During school, I heard there was no such thing as a stupid question, only questions that people weren’t brave enough to ask.
I wasn’t so sure about that then, and sometimes, I still wonder about that.
But it was my freshman year of high school and I had my fair share of silly and stupid situations.
The first thing I discovered was that high school was a lot different than middle school.
A’s were easy in middle school. High school brought with it geometry and a foreign language requirement.
For the first time, I found myself struggling with schoolwork.
“What is wrong with you?” Granny demanded. “You ain’t never brought home anything less than an A.”
I didn’t know.
“She’s boy crazy,” she declared to my mother. “That’s what’s the matter. She’s got boys on the brain instead of her studies.”
That may have been kind of true. But, honestly, boys weren’t my priority, especially not when there were books, music, makeup, and hair products to buy.
“It’s harder in ninth grade,” I said in my defense. “Geometry makes absolutely no sense — there’s shapes involved. And I am really having a hard time in Spanish. I don’tunderstand it at all. It’s like Greek to me.”
Mama looked up from her crossword. “Except it’s not Greek, Kitten. It’s Spanish. Have you talked to your teacher?”
“No,” I replied forlornly. I hadn’t. I tried to keep a low profile in the class, lest she call on me.
The teacher was a lovely woman from Argentina and Spanish was her native language.
The majority of our class was done in Spanish only so we’d come to be fluent in speaking it. I was drowning.
We had Latin in first grade — shouldn’t that count as my foreign language?
I felt horrible, too, because I wanted to learn Spanish, along with French and Italian. But if the first few weeks were any indication, speaking another language was not going to be in my future.
“You did good in Algebra last year,” Granny said, still focused on the math. “You was taking it with high schoolers.”
“What can I say? I peaked early.”
Of course, the Redhead Prime did not find that funny at all.
Pop and Bobby both tried to help me with geometry, it being something they used every day in roofing.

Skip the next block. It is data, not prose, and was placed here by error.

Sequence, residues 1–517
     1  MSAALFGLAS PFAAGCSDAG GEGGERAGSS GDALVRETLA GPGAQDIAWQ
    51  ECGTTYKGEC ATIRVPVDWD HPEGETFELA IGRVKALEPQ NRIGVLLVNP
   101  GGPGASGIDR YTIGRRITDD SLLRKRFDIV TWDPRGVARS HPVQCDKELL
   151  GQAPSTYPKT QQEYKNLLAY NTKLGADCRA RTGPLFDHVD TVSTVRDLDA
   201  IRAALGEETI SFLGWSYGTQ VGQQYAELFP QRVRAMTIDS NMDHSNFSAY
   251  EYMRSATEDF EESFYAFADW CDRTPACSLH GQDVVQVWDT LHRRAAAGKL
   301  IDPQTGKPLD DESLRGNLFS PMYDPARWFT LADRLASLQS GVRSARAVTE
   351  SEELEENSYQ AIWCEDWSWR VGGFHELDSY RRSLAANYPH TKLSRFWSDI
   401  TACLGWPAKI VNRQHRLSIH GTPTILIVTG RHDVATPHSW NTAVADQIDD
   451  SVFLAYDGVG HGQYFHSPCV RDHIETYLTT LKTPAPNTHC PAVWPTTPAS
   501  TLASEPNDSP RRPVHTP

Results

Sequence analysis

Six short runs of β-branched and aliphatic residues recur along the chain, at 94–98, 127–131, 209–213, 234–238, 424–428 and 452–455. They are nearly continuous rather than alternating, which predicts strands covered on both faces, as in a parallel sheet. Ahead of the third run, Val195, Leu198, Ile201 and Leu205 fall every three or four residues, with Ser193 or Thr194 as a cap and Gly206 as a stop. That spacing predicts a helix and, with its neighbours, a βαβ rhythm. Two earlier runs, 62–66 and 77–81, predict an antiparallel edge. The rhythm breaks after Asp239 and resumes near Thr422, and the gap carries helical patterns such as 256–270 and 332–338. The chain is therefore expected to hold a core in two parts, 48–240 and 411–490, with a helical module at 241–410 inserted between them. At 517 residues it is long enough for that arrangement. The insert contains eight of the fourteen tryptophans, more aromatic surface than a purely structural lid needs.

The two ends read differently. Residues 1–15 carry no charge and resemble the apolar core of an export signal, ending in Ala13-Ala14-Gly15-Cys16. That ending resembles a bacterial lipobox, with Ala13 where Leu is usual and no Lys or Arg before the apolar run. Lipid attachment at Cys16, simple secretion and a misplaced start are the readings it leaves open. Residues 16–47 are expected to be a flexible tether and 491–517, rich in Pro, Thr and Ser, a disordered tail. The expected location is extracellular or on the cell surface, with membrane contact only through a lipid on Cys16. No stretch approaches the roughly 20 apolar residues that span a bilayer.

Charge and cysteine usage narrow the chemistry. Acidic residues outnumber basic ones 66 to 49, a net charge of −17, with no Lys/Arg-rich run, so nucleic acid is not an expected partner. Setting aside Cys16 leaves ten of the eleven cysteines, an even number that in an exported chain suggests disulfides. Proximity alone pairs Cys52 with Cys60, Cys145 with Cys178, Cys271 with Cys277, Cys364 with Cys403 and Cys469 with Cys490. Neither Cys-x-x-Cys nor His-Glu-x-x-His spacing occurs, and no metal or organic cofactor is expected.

After one particularly tough session, my uncle declared it was just good that I had other strengths.
When it came time for a parent-teacher conference, Mama was determined to get to the bottom of things.
One teacher immediately started off by saying I was talking constantly in class, but somehow had an A.
“I’ve moved her several times,” the teacher added. “She still talks.”
Another teacher said, “I tried that; she will talk to the wall. Even moved her next to someone she didn’t like and they still talked.”
Mama said my Spanish teacher looked utterly bewildered. “She has never said a word in my class. She’s the quietest student I have.”
“My Sudie is the quietest student you have?” Mama asked, confused.
My teacher nodded.
“Short girl, curly black hair, green eyes?”
My Spanish teacher nodded again. “She’s extremely quiet. I sometimes forget she’s in there. But she seems to be having a hard time with some of the verbs and comprehension so far.”
She recognized me by my failures. It felt like there was so much to learn, that I was overwhelmed and would never get the hang of it.
“One thing your first-grade teacher said was you asked “why” more than any other kid she’s ever taught,” Mama said. “Maybe you need to ask more questions.”
I had asked questions; I still didn’t understand.
“Maybe you’re not asking the right questions,” Mama stressed.
“There may be someone else in your class that don’t understand it either and if you ask, they may learn, too,” Granny interjected.
I knew all of that. I was a dorky nerd and pretty comfortable with my lot in life.
But, I was bringing home something less than an A, and that was cause for alarm.
“Is there anything in particular you’re struggling with that you could ask your Spanish teacher to explain better?” Mama asked.
Actually, there was.
The next day in class, my teacher asked a question and ended it with por favor. I took a deep breath and raised my hand. “Si, Sudie?”
“What are you building?”
“What are you building? I’ve been wondering for weeks now. You keep saying four by four, and I’m wondering what you’re building.”
The class went silent and my teacher broke her rule of speaking Spanish in the classroom.
“Senorita, I’m not saying four by four. I’m saying por favor. Por favor means please.”
She looked as confused as I normally did.
“Does that help clarify?”
I nodded, hearing a few snickers from my classmates.
I was embrassed, of course, but if only I had asked that stupid question sooner, I may have had a better grade.
Sudie Crouch is an award-winning humor columnist residing in the North Georgia Mountains among the bears, deer, and possibly Sasquatch. You can connect with her on Facebook at Mama Said: A Collection of Wit, Humor, and Deep-Fried Wisdom. Her recently published book, ‘Mama Said: A Collection of Wit, Wisdom, and Deep-Fried Humor’ is available in paperback and Kindle download on Amazon.